I will think of this as I sit quietly— grateful for the sounds of nature, my gift to myself on my special day. (But I no longer need a pillow for padding. )The birds are still here doing their frenzied thing!
I had the pleasure of listening to an author talk at the Central Library the other night. I wondered if it was worth the trouble to take the C-train downtown instead of hanging out in my pajamas at home like I do every night. Gone are the days of my youth when I would go out dancing after midnight! The author that I was going to see was Barbara Gowdy— she was promoting her new book of fiction, Little Sister.
The audience I noticed was largely older women in groups laughing and talking. Barbara walked onto the stage with two pillows and went on to explain the constant pain she was in for many years, and how she had to write lying down in bed. Her stories were amusing and thoughtful. Once she burped and said, “oops, sorry I burped!” And I thought, what an adorable person! The audience at first was slow for the question and answer period, but soon got on a roll and someone asked her if she regretted anything or wished she had changed something after it was written. She said she realized that everything that she wrote or did, had to happen, and, as a result, the next book was created. I like how she also said that we are all different people at different stages of our lives, meaning perhaps the first book she wrote, that she claims were very serious–was written by a different her. She also discussed how many writer’s families, especially their mothers, don’t actually like their books.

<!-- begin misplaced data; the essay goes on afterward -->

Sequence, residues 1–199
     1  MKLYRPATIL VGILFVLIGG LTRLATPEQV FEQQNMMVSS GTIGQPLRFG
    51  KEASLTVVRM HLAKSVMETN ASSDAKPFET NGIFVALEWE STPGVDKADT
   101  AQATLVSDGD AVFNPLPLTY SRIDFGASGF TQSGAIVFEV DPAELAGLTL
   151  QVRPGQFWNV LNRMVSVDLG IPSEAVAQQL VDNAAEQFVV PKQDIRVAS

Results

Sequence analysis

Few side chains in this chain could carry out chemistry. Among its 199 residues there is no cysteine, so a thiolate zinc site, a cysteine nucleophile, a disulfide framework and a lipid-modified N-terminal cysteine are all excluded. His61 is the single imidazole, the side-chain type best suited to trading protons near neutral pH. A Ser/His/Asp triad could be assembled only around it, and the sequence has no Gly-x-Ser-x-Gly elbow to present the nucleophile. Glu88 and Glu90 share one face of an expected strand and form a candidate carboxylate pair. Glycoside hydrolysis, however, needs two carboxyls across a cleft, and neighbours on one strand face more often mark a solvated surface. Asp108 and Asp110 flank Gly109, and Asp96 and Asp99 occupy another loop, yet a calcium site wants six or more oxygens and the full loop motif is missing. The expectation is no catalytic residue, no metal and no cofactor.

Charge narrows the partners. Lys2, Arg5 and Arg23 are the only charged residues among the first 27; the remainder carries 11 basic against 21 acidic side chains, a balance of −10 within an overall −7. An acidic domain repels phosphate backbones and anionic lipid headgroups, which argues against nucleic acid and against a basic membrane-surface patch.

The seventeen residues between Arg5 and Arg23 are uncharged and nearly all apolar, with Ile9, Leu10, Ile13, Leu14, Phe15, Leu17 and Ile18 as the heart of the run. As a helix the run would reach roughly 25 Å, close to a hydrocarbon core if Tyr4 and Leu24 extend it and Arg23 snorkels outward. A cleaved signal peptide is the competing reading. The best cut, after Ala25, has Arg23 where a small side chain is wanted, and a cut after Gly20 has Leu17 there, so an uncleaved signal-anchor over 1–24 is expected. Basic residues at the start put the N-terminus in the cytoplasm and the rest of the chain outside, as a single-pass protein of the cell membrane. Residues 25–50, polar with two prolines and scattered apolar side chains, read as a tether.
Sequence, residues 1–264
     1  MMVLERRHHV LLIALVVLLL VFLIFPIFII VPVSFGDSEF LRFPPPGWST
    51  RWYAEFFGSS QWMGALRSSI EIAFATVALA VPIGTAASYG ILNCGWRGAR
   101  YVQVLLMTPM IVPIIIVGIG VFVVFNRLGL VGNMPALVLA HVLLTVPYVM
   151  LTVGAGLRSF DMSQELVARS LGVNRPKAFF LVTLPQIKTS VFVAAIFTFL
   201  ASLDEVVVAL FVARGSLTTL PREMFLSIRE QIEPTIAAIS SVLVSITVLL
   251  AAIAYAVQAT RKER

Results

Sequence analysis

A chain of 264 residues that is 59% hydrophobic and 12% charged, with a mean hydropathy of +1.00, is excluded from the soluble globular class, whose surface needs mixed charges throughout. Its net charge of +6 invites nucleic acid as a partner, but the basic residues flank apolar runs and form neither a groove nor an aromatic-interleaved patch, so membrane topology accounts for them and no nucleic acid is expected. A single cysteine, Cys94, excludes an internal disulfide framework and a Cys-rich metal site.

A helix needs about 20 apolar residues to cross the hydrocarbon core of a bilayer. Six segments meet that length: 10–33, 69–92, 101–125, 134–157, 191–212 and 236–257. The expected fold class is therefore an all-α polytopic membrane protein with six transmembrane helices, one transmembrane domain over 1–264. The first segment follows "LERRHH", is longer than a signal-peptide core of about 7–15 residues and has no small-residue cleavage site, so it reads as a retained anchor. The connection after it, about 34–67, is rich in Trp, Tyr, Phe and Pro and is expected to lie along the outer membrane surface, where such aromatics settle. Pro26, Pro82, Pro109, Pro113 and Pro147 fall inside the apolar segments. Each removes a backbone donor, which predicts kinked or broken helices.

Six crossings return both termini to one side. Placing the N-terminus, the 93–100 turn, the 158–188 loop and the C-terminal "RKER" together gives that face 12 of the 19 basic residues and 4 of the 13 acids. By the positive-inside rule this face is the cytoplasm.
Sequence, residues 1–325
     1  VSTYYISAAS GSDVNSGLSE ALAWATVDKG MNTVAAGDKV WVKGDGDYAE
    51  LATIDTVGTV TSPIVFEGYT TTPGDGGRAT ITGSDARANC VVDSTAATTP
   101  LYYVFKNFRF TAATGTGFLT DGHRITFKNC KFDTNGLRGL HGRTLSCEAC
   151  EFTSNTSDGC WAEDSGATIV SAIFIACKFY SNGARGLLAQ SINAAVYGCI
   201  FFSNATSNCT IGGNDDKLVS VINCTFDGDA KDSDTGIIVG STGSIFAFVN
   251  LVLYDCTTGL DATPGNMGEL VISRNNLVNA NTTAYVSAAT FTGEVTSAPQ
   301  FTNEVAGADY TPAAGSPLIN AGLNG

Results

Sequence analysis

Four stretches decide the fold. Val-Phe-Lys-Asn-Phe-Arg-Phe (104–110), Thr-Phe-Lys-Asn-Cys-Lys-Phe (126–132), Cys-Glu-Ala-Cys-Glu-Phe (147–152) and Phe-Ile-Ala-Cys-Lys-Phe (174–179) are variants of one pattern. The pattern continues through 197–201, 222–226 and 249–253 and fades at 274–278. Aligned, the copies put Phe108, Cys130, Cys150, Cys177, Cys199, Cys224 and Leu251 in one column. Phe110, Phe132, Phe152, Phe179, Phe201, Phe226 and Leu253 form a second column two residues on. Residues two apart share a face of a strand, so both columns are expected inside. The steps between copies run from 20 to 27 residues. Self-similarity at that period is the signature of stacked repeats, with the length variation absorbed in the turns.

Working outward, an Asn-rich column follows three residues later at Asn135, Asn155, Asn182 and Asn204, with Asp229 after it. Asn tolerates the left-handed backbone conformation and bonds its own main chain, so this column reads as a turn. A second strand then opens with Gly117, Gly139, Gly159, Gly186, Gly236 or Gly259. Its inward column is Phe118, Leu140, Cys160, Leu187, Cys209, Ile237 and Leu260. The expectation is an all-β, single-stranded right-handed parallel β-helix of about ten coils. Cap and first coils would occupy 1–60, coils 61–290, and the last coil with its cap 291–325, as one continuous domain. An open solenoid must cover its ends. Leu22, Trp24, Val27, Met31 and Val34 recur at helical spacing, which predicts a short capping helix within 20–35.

And on the very hot topic of cultural appropriation, Gowdy says about her book The White Bone, she hopes that if some elephants read her book, they won’t be mad that she may have made mistakes in how they actually live their lives. She wrote The White Bone to help people understand the plight of the elephants–but says that she doesn’t think it had any impact at all. She added that one of Trump’s sons hunted and killed elephants for sport.
She also discussed the importance of reading fiction. Her example was that a man who only read cookbooks cheated on his wife with her close friend. He was surprised when everyone was upset and mad at him. If he read fiction Barbara went on to explain, he might have understood these basic truths about how life works. We all enjoyed her story of how her little sister came with her to the hospital to help her when she had a diagnosis of breast cancer. Her sister had a seizure in the hospital, was whisked away to surgery and was fine after. It was like her cancer saved her sister’s life, Gowdy said. An amazing story told by a truly fine storyteller.
I encourage anyone to attend any books talks that you are able. It made for a wonderful evening–it was definitely worth getting out of my PJs for a change.